DAVID Cameron effectively ended Gordon Brown’s hopes of leading the IMF yesterday after a scathing attack on his economic record.
The Prime Minister said: “It does seem to me that if you have someone who didn’t think we had a debt problem in the UK, when we self-evidently do have a debt problem, then they might not be the most appropriate person to work out whether other countries around the world have debt and deficit problems.”
Under current rules the EU proposes the IMF’s managing director, giving Cameron the right to veto a candidate. He said the next IMF boss should probably come from outside the EU, adding it should be someone who “understands the dangers of excessive debt”.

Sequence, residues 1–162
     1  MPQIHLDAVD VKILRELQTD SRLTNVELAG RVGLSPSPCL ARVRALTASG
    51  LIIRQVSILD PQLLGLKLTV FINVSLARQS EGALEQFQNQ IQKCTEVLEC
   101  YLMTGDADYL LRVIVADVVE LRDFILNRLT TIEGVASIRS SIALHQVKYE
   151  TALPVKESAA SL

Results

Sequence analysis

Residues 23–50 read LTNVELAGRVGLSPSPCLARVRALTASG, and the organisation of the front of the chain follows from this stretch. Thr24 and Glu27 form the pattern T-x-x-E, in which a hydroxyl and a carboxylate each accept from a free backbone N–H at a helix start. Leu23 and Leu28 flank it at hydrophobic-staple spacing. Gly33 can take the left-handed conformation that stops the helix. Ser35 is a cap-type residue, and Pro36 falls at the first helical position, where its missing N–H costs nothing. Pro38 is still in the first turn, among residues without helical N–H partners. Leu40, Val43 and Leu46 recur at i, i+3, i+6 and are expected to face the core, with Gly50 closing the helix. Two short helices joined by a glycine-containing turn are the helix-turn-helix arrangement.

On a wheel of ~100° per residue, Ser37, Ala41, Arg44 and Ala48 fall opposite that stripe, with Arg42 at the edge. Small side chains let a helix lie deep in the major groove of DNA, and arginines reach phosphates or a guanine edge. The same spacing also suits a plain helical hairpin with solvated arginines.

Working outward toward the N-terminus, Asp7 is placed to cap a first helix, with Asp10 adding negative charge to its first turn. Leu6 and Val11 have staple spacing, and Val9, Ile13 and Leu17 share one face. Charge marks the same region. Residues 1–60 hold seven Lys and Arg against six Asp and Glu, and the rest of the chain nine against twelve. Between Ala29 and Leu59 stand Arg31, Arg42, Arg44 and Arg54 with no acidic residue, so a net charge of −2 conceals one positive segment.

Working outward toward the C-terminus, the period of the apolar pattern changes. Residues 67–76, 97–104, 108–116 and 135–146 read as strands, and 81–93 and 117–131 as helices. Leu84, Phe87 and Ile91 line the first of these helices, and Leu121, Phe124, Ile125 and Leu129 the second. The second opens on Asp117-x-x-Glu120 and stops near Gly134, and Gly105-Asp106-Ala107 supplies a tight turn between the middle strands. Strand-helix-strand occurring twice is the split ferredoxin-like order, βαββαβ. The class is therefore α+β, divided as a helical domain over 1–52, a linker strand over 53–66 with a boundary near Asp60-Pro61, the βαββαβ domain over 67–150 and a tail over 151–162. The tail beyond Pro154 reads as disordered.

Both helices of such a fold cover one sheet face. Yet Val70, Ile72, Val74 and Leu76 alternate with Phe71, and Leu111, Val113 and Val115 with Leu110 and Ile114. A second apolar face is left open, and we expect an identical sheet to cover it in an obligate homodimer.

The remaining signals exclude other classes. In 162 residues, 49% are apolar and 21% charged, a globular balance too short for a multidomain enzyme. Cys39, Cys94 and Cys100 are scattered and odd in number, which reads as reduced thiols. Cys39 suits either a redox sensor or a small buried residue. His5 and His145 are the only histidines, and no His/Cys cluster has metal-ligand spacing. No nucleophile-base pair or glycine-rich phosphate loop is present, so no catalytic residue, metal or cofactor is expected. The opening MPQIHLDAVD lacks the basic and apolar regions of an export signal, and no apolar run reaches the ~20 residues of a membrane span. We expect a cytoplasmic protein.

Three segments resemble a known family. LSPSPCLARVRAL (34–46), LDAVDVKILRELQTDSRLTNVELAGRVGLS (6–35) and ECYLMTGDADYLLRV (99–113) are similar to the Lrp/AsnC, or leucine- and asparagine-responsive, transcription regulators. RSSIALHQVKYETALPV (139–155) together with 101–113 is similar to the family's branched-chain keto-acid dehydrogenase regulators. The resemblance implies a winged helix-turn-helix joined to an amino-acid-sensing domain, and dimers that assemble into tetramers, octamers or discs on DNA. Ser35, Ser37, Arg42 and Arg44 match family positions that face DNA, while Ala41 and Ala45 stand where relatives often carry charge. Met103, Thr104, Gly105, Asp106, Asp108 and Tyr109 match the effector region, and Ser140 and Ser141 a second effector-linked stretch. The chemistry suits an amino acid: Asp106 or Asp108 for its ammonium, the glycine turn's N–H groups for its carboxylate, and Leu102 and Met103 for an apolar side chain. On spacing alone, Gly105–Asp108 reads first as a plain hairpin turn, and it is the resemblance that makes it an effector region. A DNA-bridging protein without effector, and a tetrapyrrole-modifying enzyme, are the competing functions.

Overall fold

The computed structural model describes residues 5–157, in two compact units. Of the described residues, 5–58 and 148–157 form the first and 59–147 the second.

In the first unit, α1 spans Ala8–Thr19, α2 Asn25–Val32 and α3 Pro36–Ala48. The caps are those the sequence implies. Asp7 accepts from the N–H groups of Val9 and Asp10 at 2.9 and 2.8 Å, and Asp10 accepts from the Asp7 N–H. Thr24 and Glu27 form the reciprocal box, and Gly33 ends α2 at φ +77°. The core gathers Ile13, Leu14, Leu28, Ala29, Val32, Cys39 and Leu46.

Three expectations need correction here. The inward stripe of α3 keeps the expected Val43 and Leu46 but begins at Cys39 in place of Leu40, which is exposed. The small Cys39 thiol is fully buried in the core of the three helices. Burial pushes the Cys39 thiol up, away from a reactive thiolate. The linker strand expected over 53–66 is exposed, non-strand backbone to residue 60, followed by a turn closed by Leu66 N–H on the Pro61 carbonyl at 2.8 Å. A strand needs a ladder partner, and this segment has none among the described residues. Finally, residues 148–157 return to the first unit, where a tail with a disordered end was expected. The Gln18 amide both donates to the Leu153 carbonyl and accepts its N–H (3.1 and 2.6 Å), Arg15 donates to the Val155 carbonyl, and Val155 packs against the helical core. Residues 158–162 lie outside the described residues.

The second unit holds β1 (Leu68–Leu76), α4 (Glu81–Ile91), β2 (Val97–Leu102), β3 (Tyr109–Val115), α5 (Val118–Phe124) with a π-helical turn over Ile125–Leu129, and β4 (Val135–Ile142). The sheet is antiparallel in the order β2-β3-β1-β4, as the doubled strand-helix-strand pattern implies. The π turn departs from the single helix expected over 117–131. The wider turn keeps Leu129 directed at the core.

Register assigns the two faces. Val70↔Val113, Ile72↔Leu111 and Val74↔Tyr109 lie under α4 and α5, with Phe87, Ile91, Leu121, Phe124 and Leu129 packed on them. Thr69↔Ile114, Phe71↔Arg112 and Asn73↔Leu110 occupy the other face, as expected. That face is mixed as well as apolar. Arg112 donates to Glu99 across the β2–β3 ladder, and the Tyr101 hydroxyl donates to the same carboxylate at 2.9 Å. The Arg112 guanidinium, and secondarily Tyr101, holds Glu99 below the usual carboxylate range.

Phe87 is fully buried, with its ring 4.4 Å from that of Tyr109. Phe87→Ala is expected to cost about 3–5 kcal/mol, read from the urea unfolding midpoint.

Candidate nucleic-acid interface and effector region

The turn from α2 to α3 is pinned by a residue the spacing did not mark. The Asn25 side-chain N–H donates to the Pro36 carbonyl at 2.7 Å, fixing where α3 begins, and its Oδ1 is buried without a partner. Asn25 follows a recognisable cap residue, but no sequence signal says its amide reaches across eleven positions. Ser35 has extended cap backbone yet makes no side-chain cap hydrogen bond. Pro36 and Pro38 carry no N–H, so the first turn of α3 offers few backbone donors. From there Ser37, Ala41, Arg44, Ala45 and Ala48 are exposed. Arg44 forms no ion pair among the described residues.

In a further swipe at Brown he said the candidate should not be a “washed up politician”.
Although Brown has not officially stated his intention to apply for the post, which may soon be vacant if the incumbent Dominique Strauss Kahn steps down as expected, his recent speeches suggest he is gearing up for a role in international finance, and he has close ties with the IMF.
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